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Options Education for Individual Investors

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Options. The Basic Concepts

Download our abbreviated version of this section: Introduction to Options: The Basics.

A. What is an option?

An option is a contract between two parties, the buyer and the seller.
The price the buyer pays to the seller is the premium.

There are two types of options:

A call option gives its owner the right to buy something.
A put option gives its owner the right to sell something.

Thus, the option contract gives its owner the right to buy or sell

  • a specific item: the underlying asset (usually 100 shares of stock)
  • at a specific price: the strike price
  • for a specific period of time: from the time the option is bought through its expiration date

For listed stock options, the expiration date is the third Friday of the specified month.


The format used to describe an option is:

EXAMPLE: IBM Apr 110 call

This represents an option to buy 100 shares of IBM at $110 per share, any time before the market closes on the 3rd Friday, next April.

Example: GE Jan 35 put:

An option to sell 100 shares of GE at $35 per share, any time before expiration, next January.


B. How does an option work?

An option buyer has rights.

a) The call owner has the right, but not the obligation, to exercise the option to buy 100 shares of the underlying stock at the strike price.

          Example: You exercise one IBM Apr 110 call. You pay $11,000 and receive 100 shares of IBM stock.

The price at which the stock is currently trading in irrelevant: This transaction takes place at the agreed upon price (strike price).

b) The put owner has the right, but not the obligation, to exercise the option to sell 100 shares of the underlying stock at the strike price. Upon exercise of the option, the exerciser delivers 100 shares of stock and receives the strike price per share.

          Example: You exercise one MSFT Nov 35 put, You deliver (sell) 100 shares of MSFT and receive $3,500.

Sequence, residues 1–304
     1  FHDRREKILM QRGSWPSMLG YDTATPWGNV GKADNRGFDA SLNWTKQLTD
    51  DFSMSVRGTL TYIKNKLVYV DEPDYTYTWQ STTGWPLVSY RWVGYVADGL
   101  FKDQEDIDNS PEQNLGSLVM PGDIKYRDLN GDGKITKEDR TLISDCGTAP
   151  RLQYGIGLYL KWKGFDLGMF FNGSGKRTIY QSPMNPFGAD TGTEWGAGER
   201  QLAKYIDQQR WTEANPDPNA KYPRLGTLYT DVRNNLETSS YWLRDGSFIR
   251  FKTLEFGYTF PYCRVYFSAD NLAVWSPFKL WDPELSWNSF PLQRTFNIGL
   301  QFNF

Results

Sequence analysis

An option seller has obligations. If the call buyer exercises the option, then one seller of the option is assigned an exercise notice, and is obligated to deliver 100 shares of the specified stock. For this stock, he is paid the agreed upon price (strike price) per share.

C. Why should options be part of your investment portfolio?

Stock options can be used in conservatively to

  • increase the return on your investments
  • provide protection against a decline in the price of your stock
  • allow you to buy stock below current market price
  • allow you to sell stock above current market price
  • reduce the fluctuations in the value of your portfolio
  • profit from taking a bulliish, bearish, or neutral position on the stock market, or a specific stock
  • trade without owning a single share of stock

See The Rookie's Guide to Options: The Beginner's Handbook of Trading Equity Options for details on how to accomplish these goals using six different option strategies.

D. Why don't more people use options?
There is a common misconception about options. Although the options exchanges make a valiant effort to educate individual investors, many people mistakenly believe options are risky investment tools, suitable only for speculators. The truth is that it's the investors, not options, who are 'risky,' because they adopt strategies that have little chance of success.

When used conservatively, options can provide significant risk reduction and an increase in the annual returns of your investment portfolio.

If you can make good profits by using conservative methods, why take unnecessary risk?


E. Am I now ready to trade?

No. But you are ready to open a paper trading account and practice buying and/or selling a few option contracts to see what happens. Don't use real money yet. Before trading, you want to be aware of basic strategies you can use.

Read my personal trading philosophy, which includes advice for option rookies.

Interested in learning how these remarkable investment tools can work for you? Tour this site to learn more.